4th Degree


William Gaston Assembly 2531
Faithful Navigator Patrick Valentine

(Council 6700 & Council 11076)
Gastonia, NC       Contact Us

Assembly Officers     Flag Etiquette

The William Gaston Assembly was chartered on May 29, 1998. This Assembly first met in Belmont, NC during the organizational period. It now meets at St. Michael’s Parish in Gastonia.

The Charter Officers of this Assembly were:

Faithful Navigator Patrick M. Watts
Faithful Friar Msgr. Anthony Kovacic
Faithful Captain Ronald Pantuso
Faithful Pilot Robert L. Atterberry, Jr.
Faithful Comptroller Kenneth E. Raymond
Faithful Scribe George D. Burazer
Faithful Purser Frank D. Pilieci
Faithful Inner Sentinel Joseph C. Delaney
Faithful Outer Sentinel Raymond C. Block
Faithful Admiral Carlton Heil
Trustee One Year Lucien Metayer
Trustee Two Years Eugene A. Siebers
Trustee Three Years Eugene Courtemanche

In 1846 Gaston County became North Carolina’s 74th county. The county was named for a statesman, scholar, former North Carolina Supreme Court Justice and orator, Judge William Gaston of New Bern, North Carolina.

Gaston was a man, as he himself described it, “baptized an American in the blood of a martyred father”. His father was shot to death in the presence of both William and his mother. Alexander, his father, had dared to speak his true convictions openly against the British during the era of the American Revolution.

William had law offices in both Raleigh and New Bern, North Carolina. He maintained his law practice throughout his life. He served four terms in the North Carolina State Legislature, two terms in the U.S. Congress, a cabinet post under the President of the United States and refused nomination of President of the United States as a Whig candidate. Judge William Gaston was held in high esteem at his death and continues to be held in high regard today.

It certainly can be acknowledged that Judge William Gaston was a patriot, a gentleman, a noble adversary, a kind and generous father and fighter for that which he believed to be a just and moral cause. He was also a man with a song in his heart-he is the author of our State Song-“The Old North State”.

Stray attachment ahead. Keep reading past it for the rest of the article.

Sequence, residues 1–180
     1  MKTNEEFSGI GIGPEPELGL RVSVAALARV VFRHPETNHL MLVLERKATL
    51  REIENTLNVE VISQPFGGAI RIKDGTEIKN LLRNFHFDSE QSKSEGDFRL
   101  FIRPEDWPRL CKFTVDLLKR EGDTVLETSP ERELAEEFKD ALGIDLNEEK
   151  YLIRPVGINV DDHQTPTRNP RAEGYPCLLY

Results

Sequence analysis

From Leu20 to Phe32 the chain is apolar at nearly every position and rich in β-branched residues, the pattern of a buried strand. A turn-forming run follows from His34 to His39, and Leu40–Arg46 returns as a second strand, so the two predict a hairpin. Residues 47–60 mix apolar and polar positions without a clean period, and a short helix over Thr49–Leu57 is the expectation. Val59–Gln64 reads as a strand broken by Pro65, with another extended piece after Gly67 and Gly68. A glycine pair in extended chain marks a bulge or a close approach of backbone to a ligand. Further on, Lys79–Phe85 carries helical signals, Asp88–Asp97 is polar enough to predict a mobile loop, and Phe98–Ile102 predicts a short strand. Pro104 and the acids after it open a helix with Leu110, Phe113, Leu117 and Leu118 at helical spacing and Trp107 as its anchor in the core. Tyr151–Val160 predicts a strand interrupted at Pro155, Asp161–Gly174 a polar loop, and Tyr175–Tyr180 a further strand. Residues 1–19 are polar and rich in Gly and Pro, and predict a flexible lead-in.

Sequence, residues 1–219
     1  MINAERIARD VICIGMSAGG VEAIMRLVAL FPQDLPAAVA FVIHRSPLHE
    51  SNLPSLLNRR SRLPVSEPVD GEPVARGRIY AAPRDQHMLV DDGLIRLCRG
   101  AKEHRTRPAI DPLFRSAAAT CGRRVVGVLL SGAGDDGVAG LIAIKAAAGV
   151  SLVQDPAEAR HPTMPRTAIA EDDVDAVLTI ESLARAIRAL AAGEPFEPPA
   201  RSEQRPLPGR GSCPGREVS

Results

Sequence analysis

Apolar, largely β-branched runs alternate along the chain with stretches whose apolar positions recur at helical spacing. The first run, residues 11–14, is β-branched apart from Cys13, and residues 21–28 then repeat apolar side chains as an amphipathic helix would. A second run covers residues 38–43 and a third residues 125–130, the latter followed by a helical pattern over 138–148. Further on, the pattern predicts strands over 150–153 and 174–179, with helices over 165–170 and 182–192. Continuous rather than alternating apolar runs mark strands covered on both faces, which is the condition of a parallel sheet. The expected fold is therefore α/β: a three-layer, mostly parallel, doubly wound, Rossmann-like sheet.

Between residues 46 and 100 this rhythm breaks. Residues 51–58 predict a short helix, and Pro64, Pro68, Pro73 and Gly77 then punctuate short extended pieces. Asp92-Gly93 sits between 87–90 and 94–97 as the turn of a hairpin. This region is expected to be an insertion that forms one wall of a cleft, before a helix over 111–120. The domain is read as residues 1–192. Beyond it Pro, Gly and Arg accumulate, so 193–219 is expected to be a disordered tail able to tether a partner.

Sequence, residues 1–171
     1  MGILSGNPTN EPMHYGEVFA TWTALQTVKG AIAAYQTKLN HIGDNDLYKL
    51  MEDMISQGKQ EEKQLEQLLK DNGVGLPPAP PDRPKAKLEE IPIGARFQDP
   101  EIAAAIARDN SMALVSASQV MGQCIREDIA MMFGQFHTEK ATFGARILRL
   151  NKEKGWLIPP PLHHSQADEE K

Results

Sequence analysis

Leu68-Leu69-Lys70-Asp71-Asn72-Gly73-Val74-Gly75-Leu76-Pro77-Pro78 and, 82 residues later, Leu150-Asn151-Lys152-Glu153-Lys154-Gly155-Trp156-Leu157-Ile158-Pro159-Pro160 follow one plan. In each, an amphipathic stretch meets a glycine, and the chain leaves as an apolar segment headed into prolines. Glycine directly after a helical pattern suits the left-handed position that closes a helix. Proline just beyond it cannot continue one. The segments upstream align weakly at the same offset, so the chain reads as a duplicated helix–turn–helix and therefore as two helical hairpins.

William Gaston was a devout servant of the Roman Catholic Church. Because of his concern for the religious training of his children in 1812, he resolved to move to the North, probably to Baltimore, where that object might be facilitated. The War of 1812, the beginning of his congressional career, and his wife’s death combined to prevent that move. Instead, Gaston sent his children at an early age to Catholic boarding schools.

William Gaston carried forward his mother’s struggle to get a parish established and a priest regularly assigned to New Bern. When priests visited New Bern, Masses were celebrated in Gaston’s parlor. Bishop John England of Charleston visited him in New Bern in 1821, 1823, and 1824 and under that stimulus funds were raised and land bought for a church. William Gaston was the largest contributor to the construction of St. Paul’s Church. In the mid-1820’s a resident priest was assigned to St. Paul’s. It was then that the long cherished goal of the Gaston’s, mother and son, was at last attained.

In 1840, William Gaston again was the major contributor for the construction of a Catholic Church. This church was built in Mt. Holly, North Carolina and was named St. Joseph’s Catholic Church.

St. Joseph’s was completed in 1843 and stands today, 155 years later, as the oldest, still standing Catholic Church in North Carolina. William died in 1844 without ever seeing what his gift had built.

A Family United in Christ